Niacinamide Can Treat Alcoholic Liver Disease

Discussion in 'Scientific Studies' started by haidut, Oct 17, 2018.

  1. haidut

    haidut Member

    Mar 18, 2013
    USA / Europe
    As many forum users have probably heard on the news, alcohol abuse is now a leading cause of death in young people under 35. It is projected to soon surpass drug overdose as a cause of death in this demographic.
    Millennials are dying of alcohol-related liver disease at increasing rates

    The study below shows that niacinamide may be able to help reverse the damage in just 16 days at a HED of 30mg/kg daily. Not a low dose but still within the generally accepted safe human doses of up to 3g daily, and considering the treatment if just for 2 weeks this should further limit the risk. The mechanism of action is once again elevations of NAD levels and thus elevation of the NAD/NADH ratio. This means that using a lower dose niacinamide with methylene blue could achieve the same while lowering the risk of side effects even more. Peat thinks that up to 1g niacinamide daily is safe, so combining that dose with a few milligrams of MB daily should produce the same elevations of NAD as the much higher dose niacinamide on its own.
    Preventing Alcohol-Induced Liver Disease With Nicotinamide Riboside | Science Trends

    "...Alcohol-induced liver disease is a progressive disease, starting from liver steatosis, which then progresses to liver fibrosis or even cirrhosis and liver cancer. It is important to prevent liver damage caused by alcohol consumption at its starting point. Nicotinamide riboside (NR) is a form of vitamin B3, which is a precursor of NAD our body needs. In recent years, many protective effects of NR have been reported, including anti-aging, prevention of hearing loss, helping in weight loss, and anti-cancer effects, etc. In our study, we focused on the protective effect of NR against liver steatosis. We found that NR is a good agent in the protection of liver fat accumulation induced by alcohol. That is, when you have a binge alcohol drinking, taking a supplement of NR might have some protective effect on the liver. Our study is now only a test in murine, the exact effect on the human body needs further exploration."

    "...The protective effect of NR against liver steatosis occurs via the boosting of NAD in hepatocytes. It is known that NAD not only involves in the redox-oxidation reactions but also is the substrate for NAD consuming enzymes. We found that in livers of alcoholic steatosis patients, the level of NAD is decreased, which gives us a hint that not only the overall energy metabolism in the liver is changed, but also the activity of NAD consuming enzymes is altered too. Many NAD consuming enzymes are important signaling molecules."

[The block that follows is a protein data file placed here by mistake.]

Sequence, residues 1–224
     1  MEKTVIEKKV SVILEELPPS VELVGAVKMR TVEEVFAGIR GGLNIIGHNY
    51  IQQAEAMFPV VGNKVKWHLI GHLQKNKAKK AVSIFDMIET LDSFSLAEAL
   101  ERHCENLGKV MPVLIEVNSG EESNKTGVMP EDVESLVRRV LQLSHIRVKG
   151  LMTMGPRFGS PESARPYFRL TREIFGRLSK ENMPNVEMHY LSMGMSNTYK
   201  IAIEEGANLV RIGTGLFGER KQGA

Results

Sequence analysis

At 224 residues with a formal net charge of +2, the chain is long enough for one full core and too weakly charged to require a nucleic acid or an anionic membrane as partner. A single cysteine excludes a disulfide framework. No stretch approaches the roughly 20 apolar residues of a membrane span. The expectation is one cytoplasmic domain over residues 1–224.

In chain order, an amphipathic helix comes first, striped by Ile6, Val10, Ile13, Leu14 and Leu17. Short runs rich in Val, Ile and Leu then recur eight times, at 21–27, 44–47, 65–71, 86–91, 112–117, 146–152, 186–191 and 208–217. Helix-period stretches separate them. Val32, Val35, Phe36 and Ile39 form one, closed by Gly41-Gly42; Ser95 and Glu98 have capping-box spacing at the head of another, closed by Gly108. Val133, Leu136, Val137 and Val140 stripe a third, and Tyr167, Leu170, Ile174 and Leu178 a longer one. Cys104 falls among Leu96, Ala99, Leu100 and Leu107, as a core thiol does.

2. Regina

    Regina Member

    Aug 17, 2016
    Thx. It is not clear from the article that it is the alcohol that is the direct cause. They do mention "sugars" and "fats" too. An acquaintence of mine died of liver cancer in her 20's. She didn't say no to a night out for margaritas but she was most known for baking. I think she lived mainly on PUFA and wheat.
  3. johnwester130

    johnwester130 Member

    Aug 6, 2015
    Yes, maybe you read this

    Alcohol Mostly Benign For The Liver, Causing Injury Requires Endotoxin (LPS)
  4. alywest

    alywest Member

    Apr 19, 2017
    The effect of alcohol ingestion on hepatic aromatase activity and plasma steroid hormones in the rat.

    Chronic alcohol ingestion in the rat resulted in increased hepatic aromatase activity, elevation of plasma estradiol, and a decrease in plasma testosterone levels. Testicular incubation studies indicated that the source of the estrogen was not of gonadal origin but was, most likely, due to increased peripheral conversion. The failure of HCG in vitro to restore testicular secretion of testosterone to normal levels suggested a direct action of alcohol, or a metabolic product, on gonadal secretory processes, as distinct from trophic hormone effects. This study demonstrates that many of the hormonal alterations seen in cirrhosis of the liver in man may be produced directly by alcohol feeding without cirrhotic changes in the rat.

    Perhaps it's worse for men? However, I also thought that alcohol increases testosterone in women to unhealthy levels.